Cambourne, B. (1995, November). Toward an educationally relevant theory of literacy learning: Twenty years of inquiry. The Reading Teacher, 49(3), pp. 182-190.
Cambourne discusses theorizing literacy learning. He finds difficulty in calling children deficient because of the negative stigma attached, especially since it is not relevant in most area of the child’s life. Forming habits, guided by the teacher, is an important part of the learning process. These habits must be broken down into smaller parts and presented gradually.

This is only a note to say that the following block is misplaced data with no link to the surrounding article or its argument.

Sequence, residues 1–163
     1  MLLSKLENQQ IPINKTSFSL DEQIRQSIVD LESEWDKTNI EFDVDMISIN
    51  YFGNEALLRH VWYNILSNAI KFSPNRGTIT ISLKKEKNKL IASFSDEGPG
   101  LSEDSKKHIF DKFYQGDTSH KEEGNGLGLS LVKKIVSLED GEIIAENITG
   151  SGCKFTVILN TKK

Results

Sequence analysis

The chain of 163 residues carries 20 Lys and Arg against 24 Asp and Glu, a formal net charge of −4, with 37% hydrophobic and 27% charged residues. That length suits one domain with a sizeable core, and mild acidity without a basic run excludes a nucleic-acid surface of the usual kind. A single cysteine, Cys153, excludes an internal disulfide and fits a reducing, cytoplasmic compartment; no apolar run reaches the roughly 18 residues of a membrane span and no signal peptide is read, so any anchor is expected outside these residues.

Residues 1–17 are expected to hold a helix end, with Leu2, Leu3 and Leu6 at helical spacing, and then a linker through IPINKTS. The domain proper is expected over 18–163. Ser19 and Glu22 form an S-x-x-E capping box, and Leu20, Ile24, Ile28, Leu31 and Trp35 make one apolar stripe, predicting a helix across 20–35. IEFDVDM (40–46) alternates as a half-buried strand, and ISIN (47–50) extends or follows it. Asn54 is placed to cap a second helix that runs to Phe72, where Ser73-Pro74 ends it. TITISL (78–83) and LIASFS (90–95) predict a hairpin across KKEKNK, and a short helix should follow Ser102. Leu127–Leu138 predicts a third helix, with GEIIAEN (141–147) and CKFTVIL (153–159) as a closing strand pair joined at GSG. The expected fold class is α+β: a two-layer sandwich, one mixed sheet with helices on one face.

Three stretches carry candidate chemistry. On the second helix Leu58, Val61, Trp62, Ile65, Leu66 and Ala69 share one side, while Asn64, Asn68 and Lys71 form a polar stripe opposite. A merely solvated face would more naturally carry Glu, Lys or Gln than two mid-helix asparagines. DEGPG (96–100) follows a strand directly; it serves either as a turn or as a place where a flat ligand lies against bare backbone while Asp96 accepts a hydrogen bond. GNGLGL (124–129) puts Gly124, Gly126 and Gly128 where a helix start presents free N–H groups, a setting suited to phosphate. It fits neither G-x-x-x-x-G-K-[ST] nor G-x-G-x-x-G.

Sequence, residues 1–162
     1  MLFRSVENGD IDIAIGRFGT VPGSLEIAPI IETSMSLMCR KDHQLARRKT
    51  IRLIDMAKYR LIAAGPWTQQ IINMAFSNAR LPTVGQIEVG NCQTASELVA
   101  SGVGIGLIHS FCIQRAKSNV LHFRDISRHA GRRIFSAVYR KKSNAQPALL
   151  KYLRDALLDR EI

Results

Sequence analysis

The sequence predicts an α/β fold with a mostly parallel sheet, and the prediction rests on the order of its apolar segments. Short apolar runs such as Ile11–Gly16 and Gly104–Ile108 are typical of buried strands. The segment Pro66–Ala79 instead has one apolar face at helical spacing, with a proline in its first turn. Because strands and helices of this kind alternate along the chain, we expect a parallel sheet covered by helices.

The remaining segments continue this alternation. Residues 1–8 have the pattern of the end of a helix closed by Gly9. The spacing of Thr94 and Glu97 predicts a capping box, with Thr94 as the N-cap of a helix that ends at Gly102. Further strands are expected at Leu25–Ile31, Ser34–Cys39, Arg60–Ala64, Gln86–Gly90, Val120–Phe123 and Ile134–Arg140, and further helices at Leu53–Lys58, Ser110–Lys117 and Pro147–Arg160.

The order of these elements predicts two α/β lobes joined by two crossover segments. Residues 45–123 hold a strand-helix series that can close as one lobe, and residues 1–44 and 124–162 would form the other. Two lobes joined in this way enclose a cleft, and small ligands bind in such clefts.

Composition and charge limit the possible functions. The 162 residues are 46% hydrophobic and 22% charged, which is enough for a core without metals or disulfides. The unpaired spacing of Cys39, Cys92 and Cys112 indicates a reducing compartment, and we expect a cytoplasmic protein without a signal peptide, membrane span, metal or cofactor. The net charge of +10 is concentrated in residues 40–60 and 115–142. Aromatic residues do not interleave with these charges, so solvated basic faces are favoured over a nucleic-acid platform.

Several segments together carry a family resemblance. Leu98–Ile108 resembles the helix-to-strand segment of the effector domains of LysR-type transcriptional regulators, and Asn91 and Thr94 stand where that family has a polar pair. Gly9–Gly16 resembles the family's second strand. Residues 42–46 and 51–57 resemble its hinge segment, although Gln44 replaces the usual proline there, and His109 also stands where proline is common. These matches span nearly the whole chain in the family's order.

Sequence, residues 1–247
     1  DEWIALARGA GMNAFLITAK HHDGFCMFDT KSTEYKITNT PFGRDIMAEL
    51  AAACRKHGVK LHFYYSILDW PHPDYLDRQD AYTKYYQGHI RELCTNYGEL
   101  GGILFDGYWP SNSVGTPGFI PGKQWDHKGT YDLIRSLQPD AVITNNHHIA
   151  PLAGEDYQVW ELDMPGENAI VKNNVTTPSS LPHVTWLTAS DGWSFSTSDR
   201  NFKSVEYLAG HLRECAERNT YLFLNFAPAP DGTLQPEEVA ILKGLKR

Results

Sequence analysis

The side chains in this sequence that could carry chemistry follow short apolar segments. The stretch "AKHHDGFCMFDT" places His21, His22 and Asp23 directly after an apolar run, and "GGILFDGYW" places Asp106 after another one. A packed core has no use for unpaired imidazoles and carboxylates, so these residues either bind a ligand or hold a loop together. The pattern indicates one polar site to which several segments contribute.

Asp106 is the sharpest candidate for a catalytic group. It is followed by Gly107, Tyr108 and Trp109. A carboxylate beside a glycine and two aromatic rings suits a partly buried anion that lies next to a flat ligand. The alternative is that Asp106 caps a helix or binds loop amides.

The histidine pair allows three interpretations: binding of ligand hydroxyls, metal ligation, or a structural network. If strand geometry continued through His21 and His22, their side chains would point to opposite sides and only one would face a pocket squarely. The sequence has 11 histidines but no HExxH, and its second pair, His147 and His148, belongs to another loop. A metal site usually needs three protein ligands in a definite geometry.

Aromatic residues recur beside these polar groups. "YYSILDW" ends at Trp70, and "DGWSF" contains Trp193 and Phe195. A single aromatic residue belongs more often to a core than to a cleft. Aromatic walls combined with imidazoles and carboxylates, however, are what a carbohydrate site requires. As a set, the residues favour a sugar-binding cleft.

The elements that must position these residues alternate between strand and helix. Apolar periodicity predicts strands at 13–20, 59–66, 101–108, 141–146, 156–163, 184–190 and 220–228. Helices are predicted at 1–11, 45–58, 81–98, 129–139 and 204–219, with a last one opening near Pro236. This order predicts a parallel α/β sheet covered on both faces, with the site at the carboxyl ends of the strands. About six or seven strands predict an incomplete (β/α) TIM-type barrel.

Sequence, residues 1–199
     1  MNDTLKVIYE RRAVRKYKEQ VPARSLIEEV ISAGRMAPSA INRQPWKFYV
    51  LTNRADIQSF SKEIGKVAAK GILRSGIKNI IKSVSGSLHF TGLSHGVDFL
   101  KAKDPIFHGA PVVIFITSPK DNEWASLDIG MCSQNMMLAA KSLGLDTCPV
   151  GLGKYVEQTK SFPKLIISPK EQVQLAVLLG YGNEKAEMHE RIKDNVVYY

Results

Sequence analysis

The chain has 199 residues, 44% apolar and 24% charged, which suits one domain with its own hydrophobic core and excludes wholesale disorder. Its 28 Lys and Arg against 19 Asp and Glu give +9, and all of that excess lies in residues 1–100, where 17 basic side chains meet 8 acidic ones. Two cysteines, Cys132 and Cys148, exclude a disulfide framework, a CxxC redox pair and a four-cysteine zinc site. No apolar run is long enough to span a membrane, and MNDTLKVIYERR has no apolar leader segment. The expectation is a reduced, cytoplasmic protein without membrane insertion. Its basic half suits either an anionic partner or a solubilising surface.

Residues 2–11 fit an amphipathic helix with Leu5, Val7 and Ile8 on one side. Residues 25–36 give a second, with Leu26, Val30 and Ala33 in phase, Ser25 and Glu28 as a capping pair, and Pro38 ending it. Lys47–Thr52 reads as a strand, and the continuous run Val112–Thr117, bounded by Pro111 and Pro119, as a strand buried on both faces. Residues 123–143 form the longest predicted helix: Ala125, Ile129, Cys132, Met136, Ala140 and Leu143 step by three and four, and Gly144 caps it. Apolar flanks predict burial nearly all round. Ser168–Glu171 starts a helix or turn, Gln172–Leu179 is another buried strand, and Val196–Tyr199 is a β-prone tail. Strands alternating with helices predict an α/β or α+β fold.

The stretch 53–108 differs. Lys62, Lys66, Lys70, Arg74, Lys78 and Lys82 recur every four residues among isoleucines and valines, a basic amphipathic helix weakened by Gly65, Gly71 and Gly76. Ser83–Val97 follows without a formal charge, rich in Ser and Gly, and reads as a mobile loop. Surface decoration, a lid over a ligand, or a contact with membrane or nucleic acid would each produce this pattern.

Camborne also discusses conditions of learning and the ability to apply these conditions to literacy teaching. The main finding of the researchers is that engagement with language is the most important factor of literacy learning. Additionally learners need to engage in reflection to make their understanding of literacy and language explicit.
The goal of this source is to provide guidance about literacy theory to readers. The author, at the time of publication, was a practicing teacher. This information demonstrates his reflexivity in practice. He not only is reflective, himself, but puts value and emphasis in moving literacy learners to become reflective about their literacy learning process as well.
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